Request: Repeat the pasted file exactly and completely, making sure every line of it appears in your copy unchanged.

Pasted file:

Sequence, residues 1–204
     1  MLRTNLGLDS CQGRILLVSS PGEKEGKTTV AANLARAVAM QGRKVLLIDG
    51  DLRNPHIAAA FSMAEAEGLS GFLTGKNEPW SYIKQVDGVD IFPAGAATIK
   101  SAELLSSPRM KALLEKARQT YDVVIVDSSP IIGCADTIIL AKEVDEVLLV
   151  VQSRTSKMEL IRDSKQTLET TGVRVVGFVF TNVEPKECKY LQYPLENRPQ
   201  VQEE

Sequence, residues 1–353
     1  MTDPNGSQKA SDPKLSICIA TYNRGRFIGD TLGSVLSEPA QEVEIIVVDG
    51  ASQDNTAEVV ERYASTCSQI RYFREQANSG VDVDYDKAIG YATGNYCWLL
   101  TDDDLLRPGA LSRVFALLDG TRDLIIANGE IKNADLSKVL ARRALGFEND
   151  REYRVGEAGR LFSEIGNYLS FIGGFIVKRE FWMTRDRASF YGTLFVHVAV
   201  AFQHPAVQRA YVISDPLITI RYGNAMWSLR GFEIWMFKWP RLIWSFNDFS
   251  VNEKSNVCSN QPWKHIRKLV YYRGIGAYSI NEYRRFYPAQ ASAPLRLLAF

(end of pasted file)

Sequence, residues 1–204
     1  MLRTNLGLDS CQGRILLVSS PGEKEGKTTV AANLARAVAM QGRKVLLIDG
    51  DLRNPHIAAA FSMAEAEGLS GFLTGKNEPW SYIKQVDGVD IFPAGAATIK
   101  SAELLSSPRM KALLEKARQT YDVVIVDSSP IIGCADTIIL AKEVDEVLLV
   151  VQSRTSKMEL IRDSKQTLET TGVRVVGFVF TNVEPKECKY LQYPLENRPQ
   201  VQEE

Sequence, residues 1–353
     1  MTDPNGSQKA SDPKLSICIA TYNRGRFIGD TLGSVLSEPA QEVEIIVVDG
    51  ASQDNTAEVV ERYASTCSQI RYFREQANSG VDVDYDKAIG YATGNYCWLL
   101  TDDDLLRPGA LSRVFALLDG TRDLIIANGE IKNADLSKVL ARRALGFEND
   151  REYRVGEAGR LFSEIGNYLS FIGGFIVKRE FWMTRDRASF YGTLFVHVAV
   201  AFQHPAVQRA YVISDPLITI RYGNAMWSLR GFEIWMFKWP RLIWSFNDFS
   251  VNEKSNVCSN QPWKHIRKLV YYRGIGAYSI NEYRRFYPAQ ASAPLRLLAF